Perspective in Melk Abbey

The other day I visited the Melk Abbey in Austria. It was about an hour train ride to the town from Vienna, the Abbey itself was visible above the entire town like some shining Sun with it’s brilliant yellow exterior.

Stift Melk, as it’s known in German, was reconstructed in Baroque effervescence in the mid-18th century by an enterprising Abbot. Before it was the plain gothic a la Notre Dame, then it was transformed into something that would’ve made Louis XIVth a little jealous.

The walk to the abbey through the little town really impresses upon you the importance of the place, it’s been a monastery since the 11th century and still houses a school for locals.

I loved the abbey and I must say it’s one of the most spectacular places I’ve visited. I have only been to a few places in my life like Melk where people have been doing the same thing for centuries on end without change.

One of the neatest aspects of the abbey is the marble hall at the end. It was created to house the ‘fun’ for the imperial family when they visited.

The hall is pretty and lined with a faux marble that actually costs more than real marble. Another side of it is the effort they put into not disturbing the people and their fun.

A few windows in the closest wall to the entrance let the rulers have music played for them without having to see the musicians, the windows were even a way to control the volume.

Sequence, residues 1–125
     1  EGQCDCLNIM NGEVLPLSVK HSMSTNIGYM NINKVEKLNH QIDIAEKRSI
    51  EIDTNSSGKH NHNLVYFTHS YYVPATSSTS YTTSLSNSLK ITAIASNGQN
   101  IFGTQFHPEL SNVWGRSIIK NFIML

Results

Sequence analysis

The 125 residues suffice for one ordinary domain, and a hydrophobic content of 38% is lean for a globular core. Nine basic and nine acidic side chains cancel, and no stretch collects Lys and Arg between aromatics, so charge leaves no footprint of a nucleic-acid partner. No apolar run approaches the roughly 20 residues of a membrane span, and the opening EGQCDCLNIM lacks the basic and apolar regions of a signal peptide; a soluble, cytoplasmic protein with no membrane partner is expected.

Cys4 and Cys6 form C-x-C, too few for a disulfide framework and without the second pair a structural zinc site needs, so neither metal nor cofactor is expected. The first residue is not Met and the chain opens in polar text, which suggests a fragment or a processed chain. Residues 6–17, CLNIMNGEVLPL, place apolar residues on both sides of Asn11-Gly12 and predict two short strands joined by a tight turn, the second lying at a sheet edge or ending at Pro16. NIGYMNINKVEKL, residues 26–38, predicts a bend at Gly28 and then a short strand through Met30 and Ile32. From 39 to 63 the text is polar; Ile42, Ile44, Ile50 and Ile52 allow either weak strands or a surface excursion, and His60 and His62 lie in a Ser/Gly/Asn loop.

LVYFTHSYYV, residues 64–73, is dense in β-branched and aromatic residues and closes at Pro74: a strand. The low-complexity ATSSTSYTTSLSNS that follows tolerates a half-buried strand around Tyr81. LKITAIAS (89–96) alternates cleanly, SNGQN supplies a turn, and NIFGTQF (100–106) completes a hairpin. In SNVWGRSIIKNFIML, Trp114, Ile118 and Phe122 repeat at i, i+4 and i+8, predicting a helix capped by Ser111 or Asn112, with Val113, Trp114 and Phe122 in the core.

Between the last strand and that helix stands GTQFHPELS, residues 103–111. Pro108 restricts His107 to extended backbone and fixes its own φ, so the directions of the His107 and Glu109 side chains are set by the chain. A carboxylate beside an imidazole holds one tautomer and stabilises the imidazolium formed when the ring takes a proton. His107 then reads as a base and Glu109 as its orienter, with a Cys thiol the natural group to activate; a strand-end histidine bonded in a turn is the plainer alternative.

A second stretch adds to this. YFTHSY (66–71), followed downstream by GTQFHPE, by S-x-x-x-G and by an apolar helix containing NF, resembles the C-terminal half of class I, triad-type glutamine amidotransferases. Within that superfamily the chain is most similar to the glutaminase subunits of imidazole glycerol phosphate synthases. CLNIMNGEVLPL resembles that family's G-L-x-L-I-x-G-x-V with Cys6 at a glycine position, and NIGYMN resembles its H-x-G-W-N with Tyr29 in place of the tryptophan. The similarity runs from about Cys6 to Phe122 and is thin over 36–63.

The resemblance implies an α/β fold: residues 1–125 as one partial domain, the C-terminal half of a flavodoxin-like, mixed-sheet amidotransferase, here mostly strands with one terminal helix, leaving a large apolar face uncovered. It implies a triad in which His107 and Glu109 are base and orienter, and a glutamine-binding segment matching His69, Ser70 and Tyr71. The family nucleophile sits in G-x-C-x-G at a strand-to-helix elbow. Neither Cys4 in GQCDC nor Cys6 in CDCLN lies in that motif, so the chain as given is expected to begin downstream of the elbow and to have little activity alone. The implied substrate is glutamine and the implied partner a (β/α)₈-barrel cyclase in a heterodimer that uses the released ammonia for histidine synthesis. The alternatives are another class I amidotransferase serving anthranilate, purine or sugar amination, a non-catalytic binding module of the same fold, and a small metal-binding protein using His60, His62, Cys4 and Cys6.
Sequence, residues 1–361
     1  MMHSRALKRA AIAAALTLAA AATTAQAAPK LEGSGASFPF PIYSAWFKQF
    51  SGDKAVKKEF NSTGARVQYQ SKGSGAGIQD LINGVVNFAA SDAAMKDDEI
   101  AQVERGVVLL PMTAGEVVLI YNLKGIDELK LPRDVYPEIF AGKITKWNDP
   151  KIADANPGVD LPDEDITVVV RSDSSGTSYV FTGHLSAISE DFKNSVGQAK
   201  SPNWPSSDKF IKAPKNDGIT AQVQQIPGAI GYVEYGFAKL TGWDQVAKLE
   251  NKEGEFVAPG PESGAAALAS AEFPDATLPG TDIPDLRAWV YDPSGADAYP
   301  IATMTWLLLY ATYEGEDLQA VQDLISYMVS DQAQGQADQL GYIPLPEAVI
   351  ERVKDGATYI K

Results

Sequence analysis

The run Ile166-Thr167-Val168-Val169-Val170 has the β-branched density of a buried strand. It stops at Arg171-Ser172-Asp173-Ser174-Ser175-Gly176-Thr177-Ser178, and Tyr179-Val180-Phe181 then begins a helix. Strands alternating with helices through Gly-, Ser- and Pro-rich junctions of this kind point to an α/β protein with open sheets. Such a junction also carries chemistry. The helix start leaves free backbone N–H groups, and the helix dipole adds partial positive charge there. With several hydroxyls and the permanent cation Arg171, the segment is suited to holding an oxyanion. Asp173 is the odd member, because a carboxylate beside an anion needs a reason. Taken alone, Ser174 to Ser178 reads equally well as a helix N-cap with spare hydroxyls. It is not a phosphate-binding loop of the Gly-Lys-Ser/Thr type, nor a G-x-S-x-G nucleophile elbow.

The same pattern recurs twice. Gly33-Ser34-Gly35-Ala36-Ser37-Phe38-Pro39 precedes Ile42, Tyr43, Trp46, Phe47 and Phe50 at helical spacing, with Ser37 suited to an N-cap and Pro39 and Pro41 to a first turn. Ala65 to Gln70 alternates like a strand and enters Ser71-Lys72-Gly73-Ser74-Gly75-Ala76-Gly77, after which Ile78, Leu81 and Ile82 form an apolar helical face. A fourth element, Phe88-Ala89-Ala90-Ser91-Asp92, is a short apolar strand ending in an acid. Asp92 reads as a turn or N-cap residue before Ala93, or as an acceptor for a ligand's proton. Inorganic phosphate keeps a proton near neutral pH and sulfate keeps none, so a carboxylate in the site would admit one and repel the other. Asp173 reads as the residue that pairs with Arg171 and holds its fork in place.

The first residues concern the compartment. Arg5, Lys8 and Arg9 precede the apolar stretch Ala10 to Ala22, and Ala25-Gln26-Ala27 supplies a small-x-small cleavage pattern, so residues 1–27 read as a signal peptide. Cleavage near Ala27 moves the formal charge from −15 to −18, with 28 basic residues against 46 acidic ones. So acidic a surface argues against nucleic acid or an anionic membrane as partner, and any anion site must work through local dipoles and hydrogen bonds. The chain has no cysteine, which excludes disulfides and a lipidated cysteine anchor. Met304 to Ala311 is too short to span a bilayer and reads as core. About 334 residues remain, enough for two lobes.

A heavy grate in the centre of the room, as my guide informed me, was put there so that the servants could heat the room from below and thus not disturb the dinner or dancing or whatever else a bunch of Habsburgs do in an abbey.

The most spectacular feature though is the ceiling painting which depicts some religous happening I cannot remember. The roof was flat planks of wood so the painter had to employ perspective so that it appeared sloped and ideal.

The perspective, the trick of the moonlight so to speak, only works when standing in the centre of the room where the imperials would’ve been, otherwise it makes the painting and the whole room seem a little skewed, a little unnecessary. It’s as if the painter wanted to paint a beautiful picture while also saying maybe this whole thing is a little off, a little not in line with the principles of the religion he is paying homage to.

Clay

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